It is possible that by speaking, that I and my friends could be growing nearer the truth.  Even if, on previous days, a friend had held a different view, my boldness to declare a position in opposition (or in ignorance) of their belief may influence them to change.  Or when I venture to say something with which my friends may or may not concur, I might be exposing an area in which I needed correction.

I should not be so timid nor so arrogant as to assume that I am merely classifying my acquaintances and myself.  One reason is that a person defies labels.  He is not defined by his creeds, however essential they are to forming his character, perspective, and choices.  Certainly, I should be concerned that I find friends with honorable character, godly perspective, and good choices.  The reason for this is that they will be affecting my character, along with my creeds.  And, in turn, I will be influencing theirs.

I am tempted, when I find my friends holding ideas that I believe are false, to sigh and put them in a cabinet where I keep all my acquaintance who believe such.  They are no longer friends, then, in positions of respect and trust.  And I suppose I am fearing that my friends will put me in such a cabinet, for their part.  But not only do people defy labels; they also change their minds.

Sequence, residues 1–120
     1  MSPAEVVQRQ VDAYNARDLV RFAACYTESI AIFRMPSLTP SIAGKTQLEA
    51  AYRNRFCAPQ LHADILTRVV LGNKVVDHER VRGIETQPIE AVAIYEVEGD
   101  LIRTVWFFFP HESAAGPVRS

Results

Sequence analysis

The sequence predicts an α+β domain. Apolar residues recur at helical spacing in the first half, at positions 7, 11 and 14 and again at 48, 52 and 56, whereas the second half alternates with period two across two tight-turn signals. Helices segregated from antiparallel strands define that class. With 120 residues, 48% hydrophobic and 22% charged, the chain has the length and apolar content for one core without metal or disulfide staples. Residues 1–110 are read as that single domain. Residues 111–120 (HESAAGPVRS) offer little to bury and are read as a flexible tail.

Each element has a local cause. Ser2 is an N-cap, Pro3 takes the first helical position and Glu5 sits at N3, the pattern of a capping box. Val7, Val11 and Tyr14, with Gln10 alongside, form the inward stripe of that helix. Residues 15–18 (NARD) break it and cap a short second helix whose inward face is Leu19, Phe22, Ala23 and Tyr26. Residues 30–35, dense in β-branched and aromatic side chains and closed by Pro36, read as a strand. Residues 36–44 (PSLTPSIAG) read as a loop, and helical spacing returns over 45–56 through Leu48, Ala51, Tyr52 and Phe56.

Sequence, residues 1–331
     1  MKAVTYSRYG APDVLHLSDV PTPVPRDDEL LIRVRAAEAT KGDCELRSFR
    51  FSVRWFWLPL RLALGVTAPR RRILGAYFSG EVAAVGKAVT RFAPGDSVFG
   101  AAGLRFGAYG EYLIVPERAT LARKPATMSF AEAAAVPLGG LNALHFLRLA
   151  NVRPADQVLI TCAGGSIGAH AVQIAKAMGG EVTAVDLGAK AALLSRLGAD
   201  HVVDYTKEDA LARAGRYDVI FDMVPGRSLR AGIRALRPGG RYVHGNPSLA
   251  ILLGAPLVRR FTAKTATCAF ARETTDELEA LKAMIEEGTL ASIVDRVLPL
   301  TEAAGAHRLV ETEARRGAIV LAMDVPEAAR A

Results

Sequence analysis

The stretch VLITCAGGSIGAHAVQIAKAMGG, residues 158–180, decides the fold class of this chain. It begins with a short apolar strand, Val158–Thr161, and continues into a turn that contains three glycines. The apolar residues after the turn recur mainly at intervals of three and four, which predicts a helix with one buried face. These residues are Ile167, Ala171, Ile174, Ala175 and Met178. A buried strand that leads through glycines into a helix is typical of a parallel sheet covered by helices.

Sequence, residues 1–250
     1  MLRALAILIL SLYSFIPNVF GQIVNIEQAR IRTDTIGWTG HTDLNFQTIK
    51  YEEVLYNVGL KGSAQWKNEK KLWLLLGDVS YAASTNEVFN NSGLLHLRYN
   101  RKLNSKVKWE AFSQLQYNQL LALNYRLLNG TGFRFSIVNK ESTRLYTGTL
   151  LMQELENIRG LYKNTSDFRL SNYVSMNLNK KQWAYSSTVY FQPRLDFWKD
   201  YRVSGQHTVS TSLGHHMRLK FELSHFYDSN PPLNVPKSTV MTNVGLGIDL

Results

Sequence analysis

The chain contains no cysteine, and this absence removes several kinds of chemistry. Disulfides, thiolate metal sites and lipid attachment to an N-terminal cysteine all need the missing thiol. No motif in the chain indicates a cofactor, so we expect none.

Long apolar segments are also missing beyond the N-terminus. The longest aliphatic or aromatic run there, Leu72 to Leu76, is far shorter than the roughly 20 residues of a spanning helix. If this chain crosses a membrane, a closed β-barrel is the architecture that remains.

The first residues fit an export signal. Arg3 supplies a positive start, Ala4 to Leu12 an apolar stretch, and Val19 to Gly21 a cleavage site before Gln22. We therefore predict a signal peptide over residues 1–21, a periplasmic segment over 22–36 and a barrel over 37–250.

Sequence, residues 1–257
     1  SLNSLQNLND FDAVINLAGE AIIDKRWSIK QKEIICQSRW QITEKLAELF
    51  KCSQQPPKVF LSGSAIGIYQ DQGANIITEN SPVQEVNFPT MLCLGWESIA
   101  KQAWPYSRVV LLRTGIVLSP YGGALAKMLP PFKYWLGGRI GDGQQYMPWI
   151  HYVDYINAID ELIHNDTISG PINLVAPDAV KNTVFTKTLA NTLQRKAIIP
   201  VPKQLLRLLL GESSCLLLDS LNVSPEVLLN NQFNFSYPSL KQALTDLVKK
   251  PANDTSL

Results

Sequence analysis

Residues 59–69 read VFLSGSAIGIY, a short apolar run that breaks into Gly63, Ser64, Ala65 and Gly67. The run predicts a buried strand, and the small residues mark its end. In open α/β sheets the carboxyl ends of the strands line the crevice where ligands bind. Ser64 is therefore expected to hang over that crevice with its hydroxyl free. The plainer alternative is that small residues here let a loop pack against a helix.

Is this not what it means, to love instead of to judge?  To judge a person is to see them as a firm set of beliefs.  Are their convictions true or false, good or evil?  If too much falsity and too much wickedness, depart from me; I know what you are!  But this is not love.  Love sees people as relational.  Growing.  Alive.  Changing.  Men and women communicate with each other.  They learn.  What is the point of judging someone for an opinion they may not hold tomorrow?

Certainly, discern their character.  Apply wisdom to whether they would most benefit from a word of correction or an acquaintance for encouragement.  It is sometimes better to listen than to speak that word of agreement or of controversy.  Where do they need to grow?  How are they influencing me?

Jesus and Paul, in the New Testament, and Solomon in the Old, give guidelines for extreme cases.  Those persisting, without regret, in sin should be confronted, even disciplined, for their own good and for my good, too.  We should not walk in the ways with scoffers.

But to travel with companions is good, for if one falls, the others are not to run away, but to help him up again!  James addresses this, as well, in the very end of his book, when he encourages his audience to convert the sinner who errs from the truth.  In fact, throughout the book of James he advises sincere love and peace, rather than judgment (for it is laws we are judging, not people).  Do not show favoritism, but rather value everyone’s role in community.

So whether I speak or am silent, I do not want it to be because I am afraid of being classified and shelved.  Nor do I want it to be because I need more information to appropriately label others.  My friendship needs to be centered on my friends and I becoming more like Christ, conformed to the truth.

To God be all glory,

Lisa of Longbourn